Dear Larry, I got your telegram -- please don't get married yet. I can't come back and live for a very long time. They all hurt me badly , I was almost killed. My career is over. I still love you, Larry. Please wait for me as long as it takes. One day, it'll all be over. I hope that day is soon. Love, Crisco

We were thinking that maybe you could get into the Vet to explain this. The police, of course, are all looking for Ms. Russell and this letter could be the lead we all are waiting for. Please get in touch with your friend, Crisco. It could be the most important thing you will ever do. If she was indeed harmed, we will need her to help convict her attackers. We know who they are, but we are unable to punish them because of confidential reasons. A reward will be given to you if you can bring Crisco to us for further questioning . Your involvement, of course, will be kept in the strictest confidence. Also, if you and Crisco come to us, maximum security will be given to you at all times. If you don't know the whereabouts of Russell, please come anyway. The thing that you think is not important could be of great help to the police and us.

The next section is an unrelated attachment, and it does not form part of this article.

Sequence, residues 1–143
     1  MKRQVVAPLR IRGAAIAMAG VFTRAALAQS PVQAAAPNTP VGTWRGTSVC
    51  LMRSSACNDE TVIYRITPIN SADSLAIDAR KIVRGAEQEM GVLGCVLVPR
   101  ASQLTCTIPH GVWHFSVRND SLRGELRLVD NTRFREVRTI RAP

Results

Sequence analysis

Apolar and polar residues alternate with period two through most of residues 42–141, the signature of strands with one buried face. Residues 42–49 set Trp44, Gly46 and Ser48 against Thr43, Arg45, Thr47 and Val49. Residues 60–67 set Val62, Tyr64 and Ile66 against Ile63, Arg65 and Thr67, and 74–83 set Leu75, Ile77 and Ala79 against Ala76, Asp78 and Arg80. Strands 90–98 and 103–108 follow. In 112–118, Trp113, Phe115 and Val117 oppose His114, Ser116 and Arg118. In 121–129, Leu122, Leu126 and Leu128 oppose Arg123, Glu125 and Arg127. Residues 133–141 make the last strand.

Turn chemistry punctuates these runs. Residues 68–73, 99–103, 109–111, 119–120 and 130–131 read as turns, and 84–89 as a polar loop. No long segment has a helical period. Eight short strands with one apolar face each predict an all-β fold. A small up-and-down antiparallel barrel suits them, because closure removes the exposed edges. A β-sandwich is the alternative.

Thank you for your cooperation.


Ruly Carpenter
Philadelphia Phillies Owner

By winter of that year, I had divested myself of a career as any kind of athlete; after all, 15 is much more grown up than 14 (funny how a year's time can bring such developmental change in adolescence). Apparently, L.C. didn't sell out his teammates in the end, Crisco never did make it back, and it took 28 years for Philadelphia to win the World Series again. But some things from that summer have stayed constant: the Phillies continue to alternately win and break my heart, D. has a whimsical streak she hides from the world, and I still masturbate in the bathtub.